In this article we discuss both the differences in the tests and the often overlooked difference between a Rockwell test block and a Brinell one.
The Brinell hardness test
In the Brinell hardness test a ball indenter is pressed, by a precisely controlled force, into the material being measured and the diameter of the indentation produced by this pressure is then fed into an equation to give a hardness rating. For many years the test was regarded in certain quarters as somewhat rough and ready, more for the machinist than the professional engineer, due to the difficulty of measuring indentations accurately using a low-power microscope and ambient light. That perception began to change in the 1980s following a technical breakthrough here at Foundrax Engineering Products. You can read more about this here. Now, more than thirty years on, the Brinell system is highly regarded and still the hardness test of choice in much of the transport, oil and gas and iron and steel industries because it can be used on large components, be they rough cast or machined, as the grain structure of the material does not influence the result. Brinell hardness testing also has the advantage that test material does not have to be spotlessly clean.
The Rockwell hardness test
Brinell hardness testing has its limitations, however, including the need to use a selection of different-sized indenters depending upon the material under test and, sometimes, it’s not suitable for testing very small components. It was the difficulty of testing very small components that led to the development of the Rockwell test shortly before the First World War. Stanley P Rockwell, a metallurgist, needed to test the hardness of small bearing races. He came up with a method that, like Brinell hardness testing, involves indenting the material (with a ball for the ‘softer’ metals or a conical diamond with a tiny spherical tip for the ‘harder’ ones) but with the crucial difference that the indentations left behind are extremely shallow (under 0.3mm with the ball and at most 0.2mm with the diamond). There are two other critical differences: it is the depth of the deformation, not the width, that is measured and this measurement occurs as the test machine is going through the test cycle. Because there is no optical measurement system built into the machine (or required alongside it), the outlay for Rockwell hardness testing is relatively low and the fact that measurement occurs as part of the indenting cycle makes the Rockwell hardness test faster than the Brinell. This lower cost and swiftness led the Rockwell test to become the most widely employed hardness measurement system – and this remains the case in 2021.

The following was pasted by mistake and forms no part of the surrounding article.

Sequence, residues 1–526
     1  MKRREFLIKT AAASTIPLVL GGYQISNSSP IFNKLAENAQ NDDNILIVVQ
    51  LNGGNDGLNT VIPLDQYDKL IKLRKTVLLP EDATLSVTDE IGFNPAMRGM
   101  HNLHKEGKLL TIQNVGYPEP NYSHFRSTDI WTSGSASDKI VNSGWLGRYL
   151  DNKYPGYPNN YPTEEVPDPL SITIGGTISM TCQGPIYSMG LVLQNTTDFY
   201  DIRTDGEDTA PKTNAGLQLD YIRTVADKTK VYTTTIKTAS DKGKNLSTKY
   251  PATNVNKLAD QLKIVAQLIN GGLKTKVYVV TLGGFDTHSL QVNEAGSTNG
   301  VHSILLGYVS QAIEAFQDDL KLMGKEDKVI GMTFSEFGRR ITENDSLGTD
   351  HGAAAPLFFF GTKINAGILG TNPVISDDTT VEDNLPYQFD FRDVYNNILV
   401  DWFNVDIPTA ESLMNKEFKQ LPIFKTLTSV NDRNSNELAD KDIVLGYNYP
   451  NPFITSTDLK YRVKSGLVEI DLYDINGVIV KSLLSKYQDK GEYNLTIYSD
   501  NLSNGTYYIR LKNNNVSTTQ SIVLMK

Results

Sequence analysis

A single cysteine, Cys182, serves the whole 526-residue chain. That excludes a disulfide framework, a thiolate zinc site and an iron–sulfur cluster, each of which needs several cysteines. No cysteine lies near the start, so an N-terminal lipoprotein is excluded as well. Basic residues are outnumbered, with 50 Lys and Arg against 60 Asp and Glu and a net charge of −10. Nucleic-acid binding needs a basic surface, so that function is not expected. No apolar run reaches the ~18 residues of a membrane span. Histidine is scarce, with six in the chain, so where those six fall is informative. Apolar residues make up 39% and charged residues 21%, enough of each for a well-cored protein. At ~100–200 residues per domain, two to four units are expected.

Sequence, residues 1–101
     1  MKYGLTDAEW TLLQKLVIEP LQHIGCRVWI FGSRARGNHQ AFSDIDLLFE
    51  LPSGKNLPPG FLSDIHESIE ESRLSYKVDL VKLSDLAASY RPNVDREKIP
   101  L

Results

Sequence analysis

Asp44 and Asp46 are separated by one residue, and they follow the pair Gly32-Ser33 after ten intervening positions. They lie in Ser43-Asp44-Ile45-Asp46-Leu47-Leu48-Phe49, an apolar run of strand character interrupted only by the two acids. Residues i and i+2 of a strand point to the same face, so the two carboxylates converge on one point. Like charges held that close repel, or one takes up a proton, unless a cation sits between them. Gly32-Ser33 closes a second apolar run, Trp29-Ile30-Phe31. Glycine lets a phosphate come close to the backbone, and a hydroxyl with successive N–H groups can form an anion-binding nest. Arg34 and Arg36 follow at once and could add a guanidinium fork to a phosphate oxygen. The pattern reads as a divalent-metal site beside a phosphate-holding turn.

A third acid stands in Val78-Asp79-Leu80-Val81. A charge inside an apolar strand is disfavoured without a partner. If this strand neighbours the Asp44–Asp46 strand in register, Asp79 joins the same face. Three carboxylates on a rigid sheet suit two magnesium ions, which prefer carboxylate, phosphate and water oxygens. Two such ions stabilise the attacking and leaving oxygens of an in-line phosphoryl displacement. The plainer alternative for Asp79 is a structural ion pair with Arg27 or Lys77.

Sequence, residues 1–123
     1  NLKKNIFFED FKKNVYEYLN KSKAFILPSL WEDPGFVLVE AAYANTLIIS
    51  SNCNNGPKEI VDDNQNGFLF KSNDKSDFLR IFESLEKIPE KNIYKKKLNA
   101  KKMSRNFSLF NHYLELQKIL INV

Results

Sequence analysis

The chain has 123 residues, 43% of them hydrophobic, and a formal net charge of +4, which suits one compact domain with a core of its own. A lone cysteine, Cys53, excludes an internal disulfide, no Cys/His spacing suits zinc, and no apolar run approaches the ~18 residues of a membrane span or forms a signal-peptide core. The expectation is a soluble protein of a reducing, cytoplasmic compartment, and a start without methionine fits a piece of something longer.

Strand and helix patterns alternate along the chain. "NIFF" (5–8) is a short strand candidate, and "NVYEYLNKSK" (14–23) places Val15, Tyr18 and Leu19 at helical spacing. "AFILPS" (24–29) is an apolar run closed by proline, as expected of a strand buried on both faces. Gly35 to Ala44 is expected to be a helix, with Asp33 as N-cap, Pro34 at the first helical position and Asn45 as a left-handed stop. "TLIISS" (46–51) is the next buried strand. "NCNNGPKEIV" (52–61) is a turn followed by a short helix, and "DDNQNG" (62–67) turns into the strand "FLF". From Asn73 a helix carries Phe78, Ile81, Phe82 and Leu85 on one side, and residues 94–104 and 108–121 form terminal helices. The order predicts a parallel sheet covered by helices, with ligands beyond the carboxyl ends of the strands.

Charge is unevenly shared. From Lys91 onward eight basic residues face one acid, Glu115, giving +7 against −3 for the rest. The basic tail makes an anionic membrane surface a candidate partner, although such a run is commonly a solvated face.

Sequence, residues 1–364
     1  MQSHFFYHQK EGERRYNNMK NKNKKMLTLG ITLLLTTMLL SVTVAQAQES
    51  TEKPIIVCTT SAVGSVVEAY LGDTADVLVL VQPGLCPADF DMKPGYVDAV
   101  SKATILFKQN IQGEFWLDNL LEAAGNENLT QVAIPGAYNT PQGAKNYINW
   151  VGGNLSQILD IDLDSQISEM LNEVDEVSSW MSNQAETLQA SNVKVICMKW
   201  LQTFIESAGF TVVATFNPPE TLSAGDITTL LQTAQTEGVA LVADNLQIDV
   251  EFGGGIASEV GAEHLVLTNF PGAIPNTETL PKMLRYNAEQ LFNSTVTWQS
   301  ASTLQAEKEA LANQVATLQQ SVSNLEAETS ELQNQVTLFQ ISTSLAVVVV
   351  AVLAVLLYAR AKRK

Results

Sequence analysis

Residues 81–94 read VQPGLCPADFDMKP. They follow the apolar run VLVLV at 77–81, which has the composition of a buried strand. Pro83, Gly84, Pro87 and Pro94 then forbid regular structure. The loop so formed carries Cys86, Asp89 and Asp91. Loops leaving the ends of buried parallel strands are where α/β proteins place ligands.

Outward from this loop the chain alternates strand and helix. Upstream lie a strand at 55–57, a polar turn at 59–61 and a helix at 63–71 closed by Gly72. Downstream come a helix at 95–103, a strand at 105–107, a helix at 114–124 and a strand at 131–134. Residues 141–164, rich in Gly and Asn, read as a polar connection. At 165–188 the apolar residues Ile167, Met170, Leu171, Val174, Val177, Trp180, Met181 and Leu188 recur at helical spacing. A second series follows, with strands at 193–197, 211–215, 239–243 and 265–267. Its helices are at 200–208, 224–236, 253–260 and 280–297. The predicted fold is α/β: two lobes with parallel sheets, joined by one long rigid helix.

Another advantage of the Rockwell hardness test is block size. Because the forces involved are lower and the indenters are smaller (in general) one can make the indentations much closer to each other without one indentation affecting the result obtained from another. This means Rockwell test blocks can be much smaller than Brinell test blocks for the same number of tests (and you won’t be as dependent on safety boots for your wellbeing if you drop one!). Foundrax’s Rockwell test blocks are 65mm x 65mm x 14mm while our Brinell blocks are approximately 148mm x 115mm x 17mm and obviously Brinell test blocks are far heavier (2.3kg versus 450g for a Rockwell block). There are two disadvantages of Rockwell testing when considered against Brinell: The diamond indenters are very expensive and the test surface (and its underside) must be extremely clean.